In 1950, the Franciscans opened a “Terra Sancta School” in Jericho, which today is the only coed school in the city, and soon it will be the only school to enroll children from kindergarten to 12th grade. In the Palestinian spirit, the city is associated with rest and quiet. Besides, etymology reinforces this idea. In Canaanite, the word was “the perfumed one” or “yareah, the moon,” or the lunar deity “Yarikh,” for which the city was an early center of worship. Nevertheless, this “fragrant lunar” city is an oasis known for its bougainvillea, which is home today to a small Christian community.
“There were very few schools when we arrived,” said Br. Mario Hadchity, the school principal. The goal of the friars has always been to be among the people and at their service, especially in the field of education. “Knowledge is a light,” he explained, “whether in the Bible or in the Qur’an. ‘God gives me the knowledge,’ says the Koran (Sura Taahaa, aya 114) and in the Gospel, knowledge is one of the gifts of the Holy Spirit.”
From 1950 to 2013, the students had class in the old structure that was could no longer welcome students. Since December 2013, the new white stone building stands proudly on the main artery of the city. On its three floors, it hosts a new generation of young “Riyhaouis,” or the name for the inhabitants of Jericho.
“When I arrived in Jericho in 2013, I knew nothing about leading a school, and I asked the Holy Spirit to help me as one of his gifts is light and knowledge.” So, every year the school moved forward. “The people of Jericho are good by nature. However, they are accustomed to conforming to things as they are presented to them. They need to be motivated and encouraged in order to excel. I personally have an innovative spirit and I believe that educational progress has beginning but it has no end.”
This initial reorganizational phase began with the redesign of the administration. “I always start from the Gospel, even though we only have 36 Christian students of 580 total students. Love and equality are evangelical values.” Br. Mario stressed the importance of not differntiating between Muslims and Christians in the treatment of students.
“Today we have children from kindergarten to first grade and next year we hope to open a 12th-grade class so as to become the first school in Jericho where students can complete their entire schooling with us.”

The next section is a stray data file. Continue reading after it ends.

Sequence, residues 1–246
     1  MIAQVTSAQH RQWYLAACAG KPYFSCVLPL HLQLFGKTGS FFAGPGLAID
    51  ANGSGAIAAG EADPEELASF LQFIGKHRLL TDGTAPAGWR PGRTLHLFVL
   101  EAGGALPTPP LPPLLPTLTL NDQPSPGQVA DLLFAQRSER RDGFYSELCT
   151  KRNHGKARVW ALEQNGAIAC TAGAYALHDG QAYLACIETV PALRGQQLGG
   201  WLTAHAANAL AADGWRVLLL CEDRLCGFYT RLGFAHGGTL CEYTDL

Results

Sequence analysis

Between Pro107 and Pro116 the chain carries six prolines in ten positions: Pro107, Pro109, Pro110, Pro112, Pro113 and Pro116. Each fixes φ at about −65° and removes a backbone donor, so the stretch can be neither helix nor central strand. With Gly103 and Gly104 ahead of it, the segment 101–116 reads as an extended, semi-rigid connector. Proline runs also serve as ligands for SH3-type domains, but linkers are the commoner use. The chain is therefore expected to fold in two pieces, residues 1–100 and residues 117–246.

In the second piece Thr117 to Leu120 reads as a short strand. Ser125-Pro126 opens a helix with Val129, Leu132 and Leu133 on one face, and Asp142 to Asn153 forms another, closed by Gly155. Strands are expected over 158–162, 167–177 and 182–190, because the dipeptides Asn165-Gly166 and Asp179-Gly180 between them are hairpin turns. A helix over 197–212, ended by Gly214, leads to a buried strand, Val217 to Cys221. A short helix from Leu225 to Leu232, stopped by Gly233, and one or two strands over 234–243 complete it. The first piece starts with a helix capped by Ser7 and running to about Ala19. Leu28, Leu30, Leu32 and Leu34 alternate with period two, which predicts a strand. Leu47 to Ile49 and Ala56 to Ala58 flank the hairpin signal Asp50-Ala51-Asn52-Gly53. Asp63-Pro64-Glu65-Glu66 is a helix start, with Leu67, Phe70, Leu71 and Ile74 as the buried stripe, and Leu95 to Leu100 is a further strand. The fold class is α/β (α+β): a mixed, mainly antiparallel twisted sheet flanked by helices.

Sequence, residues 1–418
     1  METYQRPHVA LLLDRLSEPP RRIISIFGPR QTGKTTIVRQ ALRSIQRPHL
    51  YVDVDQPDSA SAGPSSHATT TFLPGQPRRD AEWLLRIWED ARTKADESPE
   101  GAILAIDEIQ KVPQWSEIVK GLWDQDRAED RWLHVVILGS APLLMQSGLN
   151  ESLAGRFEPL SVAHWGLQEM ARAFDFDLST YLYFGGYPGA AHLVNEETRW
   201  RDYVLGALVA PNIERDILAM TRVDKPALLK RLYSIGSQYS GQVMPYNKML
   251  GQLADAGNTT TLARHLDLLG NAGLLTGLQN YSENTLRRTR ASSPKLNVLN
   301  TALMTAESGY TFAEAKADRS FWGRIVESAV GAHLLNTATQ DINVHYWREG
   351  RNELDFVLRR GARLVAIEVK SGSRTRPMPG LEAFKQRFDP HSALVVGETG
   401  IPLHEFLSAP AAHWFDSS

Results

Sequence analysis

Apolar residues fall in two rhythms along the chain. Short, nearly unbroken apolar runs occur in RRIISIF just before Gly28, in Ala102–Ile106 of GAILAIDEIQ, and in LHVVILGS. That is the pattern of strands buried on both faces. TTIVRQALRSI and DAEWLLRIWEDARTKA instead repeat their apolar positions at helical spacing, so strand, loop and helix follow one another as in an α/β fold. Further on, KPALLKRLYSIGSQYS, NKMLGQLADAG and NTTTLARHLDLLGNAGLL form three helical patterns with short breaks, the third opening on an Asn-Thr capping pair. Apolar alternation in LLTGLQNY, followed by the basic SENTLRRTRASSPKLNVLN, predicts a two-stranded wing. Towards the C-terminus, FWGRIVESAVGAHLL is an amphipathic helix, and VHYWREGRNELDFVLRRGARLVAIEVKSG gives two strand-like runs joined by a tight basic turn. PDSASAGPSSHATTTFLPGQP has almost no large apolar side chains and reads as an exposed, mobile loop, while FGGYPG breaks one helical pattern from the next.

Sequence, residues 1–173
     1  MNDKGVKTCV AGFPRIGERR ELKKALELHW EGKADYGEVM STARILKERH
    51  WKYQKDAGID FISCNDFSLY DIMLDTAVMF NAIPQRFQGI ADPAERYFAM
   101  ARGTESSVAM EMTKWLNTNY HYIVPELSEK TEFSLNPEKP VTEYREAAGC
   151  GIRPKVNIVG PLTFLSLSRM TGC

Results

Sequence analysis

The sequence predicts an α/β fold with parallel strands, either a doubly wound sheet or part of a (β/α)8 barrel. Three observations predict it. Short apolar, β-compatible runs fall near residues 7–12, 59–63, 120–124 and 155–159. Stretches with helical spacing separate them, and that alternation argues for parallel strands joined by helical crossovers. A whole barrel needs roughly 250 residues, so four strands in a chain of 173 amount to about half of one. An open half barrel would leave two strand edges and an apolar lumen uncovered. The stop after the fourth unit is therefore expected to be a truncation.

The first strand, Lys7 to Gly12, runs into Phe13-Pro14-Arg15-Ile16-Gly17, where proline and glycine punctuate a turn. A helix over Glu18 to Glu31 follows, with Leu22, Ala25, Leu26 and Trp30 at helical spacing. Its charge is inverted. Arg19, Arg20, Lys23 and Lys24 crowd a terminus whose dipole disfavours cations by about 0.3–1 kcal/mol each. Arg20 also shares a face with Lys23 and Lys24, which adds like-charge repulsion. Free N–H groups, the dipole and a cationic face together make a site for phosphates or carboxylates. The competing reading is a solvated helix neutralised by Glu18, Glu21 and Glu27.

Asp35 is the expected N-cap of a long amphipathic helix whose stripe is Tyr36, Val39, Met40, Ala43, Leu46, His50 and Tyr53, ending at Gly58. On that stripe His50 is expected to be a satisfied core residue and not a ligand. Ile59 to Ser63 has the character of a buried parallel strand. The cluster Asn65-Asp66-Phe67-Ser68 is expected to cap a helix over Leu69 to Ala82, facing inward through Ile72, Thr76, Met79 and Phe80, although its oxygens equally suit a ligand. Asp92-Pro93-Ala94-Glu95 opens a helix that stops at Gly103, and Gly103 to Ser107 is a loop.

For Br. Mario, Franciscan brotherhood is not limited to the parish and to the faithful, it is to be shared with the students. “It is true that I am the headmaster but I tell them that I am first of all their older brother, who has is owed respect and who has his say in things, as well as his own authority.”
“Jericho’s spiritual message is the support and encouragement of the will,” explained the friar. “Jesus, who has glory, fasted for 40 days and 40 nights. He endured heat, facing the devil. Zacchaeus faced obstacles and surpassed them, as did the blind man from Jericho who, in order to overcome the chaos of the crowd, shouted at the top of his lungs. Thus, the message of Jericho is one of perseverance and tenacity in personal effort.”
The school offers a spacious setting for the administration and students. Paintings by the students now brighten up the new walls. “Since 2012, the inhabitants have been becoming more familiar with the school and call it home. This school year (2015-2016), we have 90 new students including 50 new girls, which for the Terra Sancta School in Jericho is a success in and of itself.” It is a sign that parents trust the Franciscan habit. We are also the only coed school in the city because government schools are not coed.”
For Br. Mario, the school’s success is linked to the collective work of the administration, teachers and parents and for the trust they lend to administrative decisions. “I told them last year that every student who sets foot in the Terra Sancta is my child and it is my responsibility to think about their future and take care of them, no mater what their religion. I simply want to continue the Franciscan call that began in Jericho in 1950.”